Interventional
Phase 3
Allocation: Randomized
Intervention Model: Parallel Assignment
Masking: Single (Outcomes Assessor)
Primary Purpose: Treatment
  • Generalized Anxiety Disorder
  • Social Phobia
  • Separation Anxiety Disorder
  • Behavioral: Computerized Cognitive Behavioral Therapy
    Those who choose to participate will be enrolled in the 14 week study (18 weeks for phase II). They will required to attend 3 assessments - pre-treatment (week 0), mid-treatment (week 8), and post-treatment (week 14) (and a 4th assessment for a 1 month Follow-up for Phase II at week 18). This group will follow the CCBT protocol (Camp Cope-A-lot), which is the computer-assisted intervention for anxious children being examined in this study. The first 6 levels of this program are skill building levels to be completed by the user in his/her own home. The remaining 6 levels are completed with the therapist and consist of exposure tasks and rehearsal geared toward each child.
  • Behavioral: Treatment as usual
    Those who choose to participate will be enrolled in the 14 week study (18 weeks for phase II). They will required to attend 3 assessments - pre-treatment (week 0), mid-treatment (week 8), and post-treatment (week 14) (and a 4th assessment for a 1 month Follow-up for Phase II at week 18). Those in this group will not receive the CCBT, and instead will undergo therapy for their anxiety as they usually would, whether by using medication or working with a therapist.
  • Experimental: Computerized Cognitive Behavioral Therapy
    Intervention: Behavioral: Computerized Cognitive Behavioral Therapy
  • Active Comparator: Treatment as Usual
    Intervention: Behavioral: Treatment as usual
Storch EA, Salloum A, King MA, Crawford EA, Andel R, McBride NM, Lewin AB. A RANDOMIZED CONTROLLED TRIAL IN COMMUNITY MENTAL HEALTH CENTERS OF COMPUTER-ASSISTED COGNITIVE BEHAVIORAL THERAPY VERSUS TREATMENT AS USUAL FOR CHILDREN WITH ANXIETY. Depress Anxiety. 2015 Nov;32(11):843-52. doi: 10.1002/da.22399. Epub 2015 Sep 14.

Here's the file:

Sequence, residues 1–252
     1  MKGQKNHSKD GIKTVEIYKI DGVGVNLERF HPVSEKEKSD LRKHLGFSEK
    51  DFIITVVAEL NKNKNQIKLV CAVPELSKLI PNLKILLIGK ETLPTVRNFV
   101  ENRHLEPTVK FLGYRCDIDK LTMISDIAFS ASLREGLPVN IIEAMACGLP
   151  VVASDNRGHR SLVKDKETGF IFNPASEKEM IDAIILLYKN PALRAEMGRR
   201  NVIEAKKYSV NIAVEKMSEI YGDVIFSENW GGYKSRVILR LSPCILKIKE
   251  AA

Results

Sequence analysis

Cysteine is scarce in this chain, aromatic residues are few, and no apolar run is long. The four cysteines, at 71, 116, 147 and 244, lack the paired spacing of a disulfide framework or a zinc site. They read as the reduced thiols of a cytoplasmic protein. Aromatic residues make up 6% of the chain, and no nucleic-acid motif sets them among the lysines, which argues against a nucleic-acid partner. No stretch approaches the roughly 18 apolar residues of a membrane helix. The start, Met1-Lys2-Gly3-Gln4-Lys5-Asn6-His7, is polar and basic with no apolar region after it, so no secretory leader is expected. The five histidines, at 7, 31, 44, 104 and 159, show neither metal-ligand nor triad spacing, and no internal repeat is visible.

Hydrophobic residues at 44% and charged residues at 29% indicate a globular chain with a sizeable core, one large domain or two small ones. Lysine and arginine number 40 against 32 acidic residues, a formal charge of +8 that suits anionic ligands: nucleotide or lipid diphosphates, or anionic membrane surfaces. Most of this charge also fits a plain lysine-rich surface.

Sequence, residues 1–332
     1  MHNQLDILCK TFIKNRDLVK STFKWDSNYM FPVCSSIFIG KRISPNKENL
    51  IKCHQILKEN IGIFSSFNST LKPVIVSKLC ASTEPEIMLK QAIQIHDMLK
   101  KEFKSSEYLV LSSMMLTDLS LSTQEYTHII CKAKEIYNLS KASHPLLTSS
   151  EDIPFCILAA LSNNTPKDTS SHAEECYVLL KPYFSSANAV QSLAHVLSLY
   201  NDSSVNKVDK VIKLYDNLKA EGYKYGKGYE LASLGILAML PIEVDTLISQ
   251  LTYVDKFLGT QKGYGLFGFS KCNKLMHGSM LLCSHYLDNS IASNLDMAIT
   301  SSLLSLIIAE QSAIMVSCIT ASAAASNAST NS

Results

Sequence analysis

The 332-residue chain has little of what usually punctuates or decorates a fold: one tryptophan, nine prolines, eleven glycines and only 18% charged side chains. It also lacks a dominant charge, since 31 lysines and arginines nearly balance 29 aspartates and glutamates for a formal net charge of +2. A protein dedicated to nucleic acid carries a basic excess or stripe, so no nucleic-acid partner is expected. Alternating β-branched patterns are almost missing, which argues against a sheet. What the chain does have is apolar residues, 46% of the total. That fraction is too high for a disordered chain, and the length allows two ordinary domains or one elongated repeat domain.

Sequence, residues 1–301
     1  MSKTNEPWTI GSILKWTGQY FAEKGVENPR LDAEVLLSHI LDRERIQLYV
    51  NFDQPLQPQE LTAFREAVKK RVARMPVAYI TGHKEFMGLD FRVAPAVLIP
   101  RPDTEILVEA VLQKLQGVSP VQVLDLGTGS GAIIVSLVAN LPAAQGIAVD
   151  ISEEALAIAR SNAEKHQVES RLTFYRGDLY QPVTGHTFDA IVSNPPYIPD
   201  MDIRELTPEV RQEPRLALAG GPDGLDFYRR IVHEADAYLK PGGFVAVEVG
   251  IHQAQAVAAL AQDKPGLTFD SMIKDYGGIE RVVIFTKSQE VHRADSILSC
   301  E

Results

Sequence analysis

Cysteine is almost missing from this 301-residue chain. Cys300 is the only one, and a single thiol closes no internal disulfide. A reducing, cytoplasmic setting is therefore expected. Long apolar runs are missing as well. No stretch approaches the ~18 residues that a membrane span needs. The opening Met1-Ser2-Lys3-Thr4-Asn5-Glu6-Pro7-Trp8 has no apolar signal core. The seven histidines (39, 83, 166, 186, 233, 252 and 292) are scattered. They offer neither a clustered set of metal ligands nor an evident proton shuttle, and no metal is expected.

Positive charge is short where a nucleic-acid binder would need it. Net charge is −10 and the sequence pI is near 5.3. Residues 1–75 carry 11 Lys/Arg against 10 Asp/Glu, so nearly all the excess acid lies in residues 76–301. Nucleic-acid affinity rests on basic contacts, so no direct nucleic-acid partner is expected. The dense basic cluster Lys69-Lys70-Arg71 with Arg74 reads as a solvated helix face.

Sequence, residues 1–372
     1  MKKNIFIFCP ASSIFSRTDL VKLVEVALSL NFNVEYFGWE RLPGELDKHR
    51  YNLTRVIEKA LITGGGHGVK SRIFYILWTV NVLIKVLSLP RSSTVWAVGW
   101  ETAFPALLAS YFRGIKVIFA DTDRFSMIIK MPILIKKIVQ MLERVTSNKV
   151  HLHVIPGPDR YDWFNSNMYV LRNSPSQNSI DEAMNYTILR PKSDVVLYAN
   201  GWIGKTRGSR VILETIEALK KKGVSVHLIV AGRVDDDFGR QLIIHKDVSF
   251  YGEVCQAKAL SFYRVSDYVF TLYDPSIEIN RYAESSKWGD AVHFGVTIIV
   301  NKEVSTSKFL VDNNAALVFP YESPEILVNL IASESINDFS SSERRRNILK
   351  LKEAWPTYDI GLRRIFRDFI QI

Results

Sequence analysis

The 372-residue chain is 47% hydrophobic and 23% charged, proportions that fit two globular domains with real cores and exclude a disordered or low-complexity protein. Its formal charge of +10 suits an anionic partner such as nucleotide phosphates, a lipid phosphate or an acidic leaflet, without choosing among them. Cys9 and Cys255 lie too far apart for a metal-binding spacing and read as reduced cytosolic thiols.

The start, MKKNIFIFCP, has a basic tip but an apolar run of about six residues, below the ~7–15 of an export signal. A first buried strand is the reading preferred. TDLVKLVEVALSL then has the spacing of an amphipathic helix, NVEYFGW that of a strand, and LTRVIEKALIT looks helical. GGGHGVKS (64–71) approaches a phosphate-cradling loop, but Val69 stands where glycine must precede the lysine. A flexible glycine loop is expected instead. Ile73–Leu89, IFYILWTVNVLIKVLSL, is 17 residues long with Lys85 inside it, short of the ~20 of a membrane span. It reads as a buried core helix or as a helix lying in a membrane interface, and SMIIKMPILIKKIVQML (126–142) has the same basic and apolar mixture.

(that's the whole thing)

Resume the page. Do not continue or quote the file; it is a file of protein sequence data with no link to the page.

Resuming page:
*   Includes publications given by the data provider as well as publications identified by ClinicalTrials.gov Identifier (NCT Number) in Medline.
 
Completed
188
December 2015
December 2015   (Final data collection date for primary outcome measure)

Inclusion Criteria:

  • Outpatient boys and girls with an anxiety disorder (see below) aged 7-13 years.
  • Meets DSM-IV criteria for a diagnosis of one of the following anxiety disorders: separation anxiety disorder (SAD), generalized anxiety disorder (GAD), or social phobia.
  • Minimum score of 14 on the PARS Severity Scale.
  • The child has a Full Scale IQ greater than 80 as assessed on the Wechsler Abbreviated Scale of Intelligence.
  • Have home access to a computer with internet connection.

Exclusion Criteria:

  • Receiving concurrent psychotherapy or other counseling services.
  • New Treatments: Initiation of an antidepressant within 12 weeks before study enrollment or an antipsychotic 6 weeks before study enrollment. No new alternative medications, nutritionals or therapeutic diets within 6 weeks of study enrollment. However, pharmacological interventions may be initiated or added if the child is randomized to the Treatment as Usual arm in Phase II.
  • Established Treatment changes: Any change in established psychotropic medication (e.g., antidepressants, anxiolytics) within 8 weeks before study enrollment (6 weeks for antipsychotic). Alternative medications that might have behavioral effects must be stable for 6 weeks prior to the study baseline assessment. Any medications that the child is on must remain stable during treatment unless s/he is randomized to the Treatment as Usual arm in Phase II.
  • (a) Current clinically significant suicidality or (b) individuals who have engaged in suicidal behaviors within 6 months.
  • Lifetime DSM-IV bipolar disorder, schizophrenia, or schizoaffective disorder.
  • Unwillingness of parents to make the commitment to accompany their children for study visits/assessments.
  • Presence of a significant and/or unstable medical illness which might lead to hospitalization during the study.
Sexes Eligible for Study: All
7 Years to 13 Years   (Child)
Yes
Contact information is only displayed when the study is recruiting subjects
United States
 
 
NCT01416805
1R18HS018665( U.S. AHRQ Grant/Contract )
No
Not Provided
Not Provided
University of South Florida
University of South Florida
  • Access Behavioral Health
  • Henderson Behavioral Health
  • Directions for Mental Health
Principal Investigator: Eric A Storch, Ph.D. University of South Florida
University of South Florida
October 2017

ICMJE     Data element required by the International Committee of Medical Journal Editors and the World Health Organization ICTRP